A special sentence for a man not respecting the COVID-19 curfew in Iran
An Iranian court condemned a young man for violating measures to combat the novel coronavirus pandemic, COVID-19, by introducing a hookah into his coffee, to sterilize mosques for 540 hours. “The court’s decision came in accordance with article 688 of the Iranian penal code”. Nasser Iskandar, head of the court in the city of Alexandros explained, adding that the judge preferred sentence the man to sterilize mosques in the city for 450 hours, then six months of prison.
So, the man guilty of violating the curfew will sterilize the mosques for three hours a day in his city. The President of the Court stressed that providing hookah in the light of the spread of Corona threatens public health and that the Iranian authorities will not tolerate anyone who threatens the health community.
The Iranian government has announced a ban on movement and travel between cities, in light of measures to combat the spread of Coronavirus, while President Hassan Rouhani stressed that his country has overcome the first wave of epidemic, warning of the possibility of a second wave. So far in Iran are 73,00 the confirmed cases of COVID infections, 1617 only yesterday, 4585 deaths, while the number of recoveries discharged from hospitals is 45.983 according to Worldometers and the World Health Organization (WHO).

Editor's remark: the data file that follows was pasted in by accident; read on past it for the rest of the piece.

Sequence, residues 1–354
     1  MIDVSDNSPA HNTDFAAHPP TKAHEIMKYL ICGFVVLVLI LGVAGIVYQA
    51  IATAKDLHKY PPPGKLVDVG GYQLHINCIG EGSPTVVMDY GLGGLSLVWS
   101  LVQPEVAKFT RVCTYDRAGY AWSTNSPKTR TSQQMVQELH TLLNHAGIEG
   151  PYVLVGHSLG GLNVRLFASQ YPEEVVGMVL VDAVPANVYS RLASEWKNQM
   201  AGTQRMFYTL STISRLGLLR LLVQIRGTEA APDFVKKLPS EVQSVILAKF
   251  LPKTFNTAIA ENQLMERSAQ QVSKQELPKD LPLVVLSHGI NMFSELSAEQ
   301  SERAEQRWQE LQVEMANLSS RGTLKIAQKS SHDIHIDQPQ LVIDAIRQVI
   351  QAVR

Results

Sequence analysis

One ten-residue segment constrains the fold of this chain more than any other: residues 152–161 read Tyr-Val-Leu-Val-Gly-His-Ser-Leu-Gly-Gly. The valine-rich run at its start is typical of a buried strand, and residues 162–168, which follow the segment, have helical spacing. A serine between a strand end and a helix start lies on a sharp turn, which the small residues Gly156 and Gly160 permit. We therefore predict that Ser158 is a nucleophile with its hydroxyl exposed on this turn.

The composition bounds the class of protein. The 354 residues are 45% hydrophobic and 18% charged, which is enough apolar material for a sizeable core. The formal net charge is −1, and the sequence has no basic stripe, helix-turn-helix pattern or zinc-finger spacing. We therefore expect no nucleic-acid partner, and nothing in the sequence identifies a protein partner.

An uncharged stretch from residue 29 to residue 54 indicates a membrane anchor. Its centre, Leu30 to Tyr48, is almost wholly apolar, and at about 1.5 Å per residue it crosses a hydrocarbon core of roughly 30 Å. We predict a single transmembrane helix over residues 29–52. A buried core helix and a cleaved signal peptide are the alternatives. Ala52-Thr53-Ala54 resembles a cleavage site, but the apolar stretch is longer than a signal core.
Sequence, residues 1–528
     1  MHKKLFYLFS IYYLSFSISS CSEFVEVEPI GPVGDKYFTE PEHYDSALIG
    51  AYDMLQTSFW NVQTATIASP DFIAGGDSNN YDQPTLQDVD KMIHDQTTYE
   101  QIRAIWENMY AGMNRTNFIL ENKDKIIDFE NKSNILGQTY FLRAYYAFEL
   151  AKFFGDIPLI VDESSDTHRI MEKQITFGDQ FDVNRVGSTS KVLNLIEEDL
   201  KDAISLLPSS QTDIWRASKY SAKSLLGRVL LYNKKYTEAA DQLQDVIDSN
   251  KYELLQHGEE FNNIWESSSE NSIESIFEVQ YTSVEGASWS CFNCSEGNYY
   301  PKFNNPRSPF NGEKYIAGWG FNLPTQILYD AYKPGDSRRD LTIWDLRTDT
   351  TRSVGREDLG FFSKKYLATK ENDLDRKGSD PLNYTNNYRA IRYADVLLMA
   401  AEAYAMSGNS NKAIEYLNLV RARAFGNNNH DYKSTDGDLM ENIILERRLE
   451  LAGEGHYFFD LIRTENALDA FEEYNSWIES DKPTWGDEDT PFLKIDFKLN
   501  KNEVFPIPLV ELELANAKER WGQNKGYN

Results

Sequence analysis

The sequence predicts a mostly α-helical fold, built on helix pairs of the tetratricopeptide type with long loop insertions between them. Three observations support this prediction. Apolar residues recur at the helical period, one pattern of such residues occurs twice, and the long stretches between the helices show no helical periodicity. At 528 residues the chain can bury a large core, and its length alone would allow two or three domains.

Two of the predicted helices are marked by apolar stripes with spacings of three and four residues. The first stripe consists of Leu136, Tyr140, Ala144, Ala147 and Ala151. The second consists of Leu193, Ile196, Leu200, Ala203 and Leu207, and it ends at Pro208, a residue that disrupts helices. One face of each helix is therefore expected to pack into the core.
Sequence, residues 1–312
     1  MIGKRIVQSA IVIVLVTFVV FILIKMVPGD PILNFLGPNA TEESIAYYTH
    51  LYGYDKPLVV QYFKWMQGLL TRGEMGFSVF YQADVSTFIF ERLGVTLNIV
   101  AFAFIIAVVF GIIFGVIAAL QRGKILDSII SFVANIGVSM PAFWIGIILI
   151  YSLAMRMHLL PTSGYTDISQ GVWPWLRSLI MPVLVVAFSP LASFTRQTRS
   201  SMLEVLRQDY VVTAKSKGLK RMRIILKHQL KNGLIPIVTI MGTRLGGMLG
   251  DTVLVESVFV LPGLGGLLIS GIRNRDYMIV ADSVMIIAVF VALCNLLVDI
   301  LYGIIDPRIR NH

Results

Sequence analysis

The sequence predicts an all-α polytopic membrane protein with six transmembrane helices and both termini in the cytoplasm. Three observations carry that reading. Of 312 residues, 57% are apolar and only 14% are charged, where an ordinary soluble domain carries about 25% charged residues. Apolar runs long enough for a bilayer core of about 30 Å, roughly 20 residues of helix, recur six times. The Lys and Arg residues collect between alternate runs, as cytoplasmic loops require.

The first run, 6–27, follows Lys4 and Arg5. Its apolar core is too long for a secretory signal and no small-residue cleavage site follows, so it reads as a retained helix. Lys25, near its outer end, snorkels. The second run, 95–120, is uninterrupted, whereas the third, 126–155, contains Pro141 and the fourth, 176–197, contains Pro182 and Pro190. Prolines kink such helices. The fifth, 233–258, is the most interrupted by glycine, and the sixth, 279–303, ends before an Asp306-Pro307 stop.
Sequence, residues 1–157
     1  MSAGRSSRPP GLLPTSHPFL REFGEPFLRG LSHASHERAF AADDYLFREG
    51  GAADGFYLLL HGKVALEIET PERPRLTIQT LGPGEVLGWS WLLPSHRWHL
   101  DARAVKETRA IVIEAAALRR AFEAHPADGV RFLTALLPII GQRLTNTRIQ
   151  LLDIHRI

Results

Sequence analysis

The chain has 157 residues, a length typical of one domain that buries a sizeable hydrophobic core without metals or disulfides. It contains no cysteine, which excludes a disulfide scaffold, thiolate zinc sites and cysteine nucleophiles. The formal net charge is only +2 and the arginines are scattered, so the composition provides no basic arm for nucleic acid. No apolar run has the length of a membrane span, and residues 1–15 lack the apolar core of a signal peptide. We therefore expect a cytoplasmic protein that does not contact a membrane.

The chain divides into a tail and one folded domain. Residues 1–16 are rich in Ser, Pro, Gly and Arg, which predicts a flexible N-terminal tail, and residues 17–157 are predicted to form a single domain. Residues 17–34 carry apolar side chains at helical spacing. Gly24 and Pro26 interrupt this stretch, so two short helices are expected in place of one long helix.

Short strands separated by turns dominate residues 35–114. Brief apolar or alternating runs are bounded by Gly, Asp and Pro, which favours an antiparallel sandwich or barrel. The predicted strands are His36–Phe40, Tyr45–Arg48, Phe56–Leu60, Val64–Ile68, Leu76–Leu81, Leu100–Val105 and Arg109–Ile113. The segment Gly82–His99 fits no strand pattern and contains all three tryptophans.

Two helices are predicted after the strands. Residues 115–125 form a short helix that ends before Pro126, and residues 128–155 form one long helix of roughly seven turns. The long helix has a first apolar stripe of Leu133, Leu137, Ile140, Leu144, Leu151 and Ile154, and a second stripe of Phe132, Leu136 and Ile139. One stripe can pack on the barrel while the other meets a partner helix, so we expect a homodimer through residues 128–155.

Iran’s Supreme Leader Ayatollah Ali Khamenei permitted on April 6 the administration of President Hassan Rouhani to draw 1 billion euros from Iran’s National Development Fund to address the negative economic impact of the virus. The decision comes after weeks of disbelief in the government’s circle and passivity in dealing with the pandemic, which sparked bitter criticism on the Islamic Republic from neighbouring countries.
COVID-19 has left a lethal impact on Iran’s economy, already suffering from the high inflation, high unemployment, sanctions, mismanagement and the widespread corruption. The government has left much to be desired in its first response to the economic impact of the novel coronavirus. Like any other economic crisis, the government’s first reaction was to blame the sanctions imposed by the United States. However, Iran needed and needs hospital beds, masks, personal protection tools and ventilators.
Blaming sanctions would not provide relief to the Iranian people. Khamenei to approve the Rouhani’s request of withdrawing one billion euros to manage the crisis National Development Fund needed 11 days. While Iran’s struggling private sector bear the brunt of the economic cost of the pandemic, the government announced that it would make available 5 billion dollars in low-interest rate loans.
It has also increased the funding for unemployment insurance by another 300 million dollars. Many part-time workers and hourly wage earners have already lost their jobs and are not getting paid by their employers. The pandemic also interrupted holiday season shopping, costing shopkeepers and small distributors hugely. At the same time, sanctions and widespread corruption have made Iranians and the Iranian economy more vulnerable than other economies in the region to the crisis.